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March 13, 2013
Indian Historian Sanjay Subrahmanyam Appointed Chair At The John W. Kluge Center
Librarian of Congress James H. Billington has appointed Sanjay Subrahmanyam as the Kluge Chair in Countries and Cultures of the South at the Library’s John W. Kluge Center. Subrahmanyam will begin his tenure on March 15.
A distinguished professor of history at the University of California at Los Angeles (UCLA) and founding director of UCLA’s Center for India and South Asia, Subrahmanyam has published extensively on the medieval and early modern history of India, the Indian Ocean world and Eurasia.
He will spend four months at the Library of Congress researching two themes connected to South Asia. The first and major theme will concern first-person narratives from early modern South Asia. The second theme concerns French contacts and dealings with South Asia in the 16th and 17th centuries.
"Having worked extensively in the past on travel accounts, the history of trade, court culture, and history writing, my current projects continue along similar lines," Subrahmanyam says. "In one project, I will re-examine first-person materials produced in India between 1500 and 1800. These writings have often been the object of both popular and scholarly misunderstandings. In a second project, I will pursue an examination of early French encounters with India, as part of a history of the beginnings of Orientalism. In both cases, I hope to make use of the Library’s unique collections."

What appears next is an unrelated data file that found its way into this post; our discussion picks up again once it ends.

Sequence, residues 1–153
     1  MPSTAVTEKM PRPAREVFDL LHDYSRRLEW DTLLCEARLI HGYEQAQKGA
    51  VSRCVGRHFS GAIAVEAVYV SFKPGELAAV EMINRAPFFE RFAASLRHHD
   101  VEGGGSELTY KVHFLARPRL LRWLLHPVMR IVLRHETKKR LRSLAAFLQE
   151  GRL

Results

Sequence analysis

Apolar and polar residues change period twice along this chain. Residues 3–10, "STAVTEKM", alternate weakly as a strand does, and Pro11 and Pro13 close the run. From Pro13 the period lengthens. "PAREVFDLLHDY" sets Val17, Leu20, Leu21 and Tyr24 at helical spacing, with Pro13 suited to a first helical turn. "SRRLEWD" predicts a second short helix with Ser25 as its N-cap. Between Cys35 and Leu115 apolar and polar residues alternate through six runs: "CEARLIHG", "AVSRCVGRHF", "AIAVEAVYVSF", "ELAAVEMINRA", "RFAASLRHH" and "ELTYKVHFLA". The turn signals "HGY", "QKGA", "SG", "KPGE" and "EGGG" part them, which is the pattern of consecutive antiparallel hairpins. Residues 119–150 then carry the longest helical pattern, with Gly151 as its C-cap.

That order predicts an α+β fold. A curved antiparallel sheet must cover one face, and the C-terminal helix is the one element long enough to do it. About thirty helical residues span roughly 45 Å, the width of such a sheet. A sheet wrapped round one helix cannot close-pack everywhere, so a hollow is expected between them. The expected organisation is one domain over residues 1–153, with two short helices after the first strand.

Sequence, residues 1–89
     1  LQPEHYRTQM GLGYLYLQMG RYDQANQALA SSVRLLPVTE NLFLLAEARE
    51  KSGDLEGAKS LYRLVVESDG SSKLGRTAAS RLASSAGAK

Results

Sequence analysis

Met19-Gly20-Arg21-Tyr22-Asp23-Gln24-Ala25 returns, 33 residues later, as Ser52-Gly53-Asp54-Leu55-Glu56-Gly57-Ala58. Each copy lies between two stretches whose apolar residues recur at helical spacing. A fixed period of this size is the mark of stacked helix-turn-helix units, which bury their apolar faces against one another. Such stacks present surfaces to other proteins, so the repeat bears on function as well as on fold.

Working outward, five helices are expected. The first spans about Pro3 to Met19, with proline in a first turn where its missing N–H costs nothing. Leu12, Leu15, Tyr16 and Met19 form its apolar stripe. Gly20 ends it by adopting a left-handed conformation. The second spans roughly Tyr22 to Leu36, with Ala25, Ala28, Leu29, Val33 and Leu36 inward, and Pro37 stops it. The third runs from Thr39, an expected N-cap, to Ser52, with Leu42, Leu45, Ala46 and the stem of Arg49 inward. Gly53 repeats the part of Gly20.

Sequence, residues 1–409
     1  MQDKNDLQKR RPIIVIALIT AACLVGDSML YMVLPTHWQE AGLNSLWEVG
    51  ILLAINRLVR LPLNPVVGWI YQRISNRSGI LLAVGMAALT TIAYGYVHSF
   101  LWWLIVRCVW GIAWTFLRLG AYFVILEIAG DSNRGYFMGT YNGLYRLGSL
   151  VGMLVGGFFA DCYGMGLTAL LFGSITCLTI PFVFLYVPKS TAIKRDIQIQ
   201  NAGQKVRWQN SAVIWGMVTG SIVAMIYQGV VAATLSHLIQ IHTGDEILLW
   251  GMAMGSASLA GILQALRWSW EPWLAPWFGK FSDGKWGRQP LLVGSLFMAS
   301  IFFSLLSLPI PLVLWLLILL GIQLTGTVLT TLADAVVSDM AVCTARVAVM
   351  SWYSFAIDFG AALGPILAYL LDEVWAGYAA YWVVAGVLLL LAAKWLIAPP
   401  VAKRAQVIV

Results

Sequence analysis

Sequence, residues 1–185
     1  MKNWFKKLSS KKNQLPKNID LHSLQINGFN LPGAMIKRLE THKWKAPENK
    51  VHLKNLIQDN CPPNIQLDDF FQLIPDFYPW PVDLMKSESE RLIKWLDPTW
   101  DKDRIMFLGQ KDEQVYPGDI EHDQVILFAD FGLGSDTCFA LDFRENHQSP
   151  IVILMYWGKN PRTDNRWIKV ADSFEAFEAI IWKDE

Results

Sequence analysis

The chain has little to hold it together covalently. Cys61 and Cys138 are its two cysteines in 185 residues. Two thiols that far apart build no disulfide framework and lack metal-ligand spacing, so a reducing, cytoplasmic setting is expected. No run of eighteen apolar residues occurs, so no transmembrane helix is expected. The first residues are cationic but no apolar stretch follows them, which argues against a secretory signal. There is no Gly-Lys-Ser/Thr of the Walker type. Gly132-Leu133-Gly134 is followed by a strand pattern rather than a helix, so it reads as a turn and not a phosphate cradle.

Subrahmanyam’s publications on Indian and world history date back nearly 30 years, and include "The Political Economy of Commerce: Southern India, 1500-1650," "The Portuguese Empire in Asia, 1500-1700," and two volumes on "Explorations in Connected History." He is a managing editor of the Indian Economic and Social History Review, an elected member of the American Academy of Arts and Sciences, and he is on the board of the multi-volume Cambridge History of the World.
The Kluge Chair in Countries and Cultures of the South is a distinguished senior research position in residence at the Library, appointed by the Librarian of Congress. Using research facilities and services at the Library of Congress, the scholar is expected to explore the history of the regions of Africa, Latin America, the Middle East, South and Southeast Asia, and the islands of the Pacific including Australia and New Zealand, using the immense foreign language collections in the specialized reading rooms of the Library.
Through a generous endowment from John W. Kluge, the Library of Congress established the Kluge Center in 2000 to bring together the world’s best thinkers to stimulate and energize one another, to distill wisdom from the Library’s rich resources, and to interact with policymakers in Washington. For more information about the Kluge Center visit www.loc.gov/kluge/.
Founded in 1800, the Library of Congress is the nation’s oldest federal cultural institution. The Library seeks to spark imagination and creativity and to further human understanding and wisdom by providing access to knowledge through its magnificent collections, programs, publications and exhibitions. Many of the Library’s rich resources can be accessed through its website at www.loc.gov.
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